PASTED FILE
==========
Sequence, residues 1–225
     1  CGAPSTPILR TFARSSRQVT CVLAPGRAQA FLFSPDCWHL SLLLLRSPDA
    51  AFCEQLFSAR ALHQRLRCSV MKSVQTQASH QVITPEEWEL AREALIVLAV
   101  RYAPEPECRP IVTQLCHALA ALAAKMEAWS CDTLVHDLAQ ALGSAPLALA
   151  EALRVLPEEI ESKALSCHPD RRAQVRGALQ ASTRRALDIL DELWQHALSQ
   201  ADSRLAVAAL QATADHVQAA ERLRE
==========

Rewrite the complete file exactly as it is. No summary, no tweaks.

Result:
Sequence, residues 1–225
     1  CGAPSTPILR TFARSSRQVT CVLAPGRAQA FLFSPDCWHL SLLLLRSPDA
    51  AFCEQLFSAR ALHQRLRCSV MKSVQTQASH QVITPEEWEL AREALIVLAV
   101  RYAPEPECRP IVTQLCHALA ALAAKMEAWS CDTLVHDLAQ ALGSAPLALA
   151  EALRVLPEEI ESKALSCHPD RRAQVRGALQ ASTRRALDIL DELWQHALSQ
   201  ADSRLAVAAL QATADHVQAA ERLRE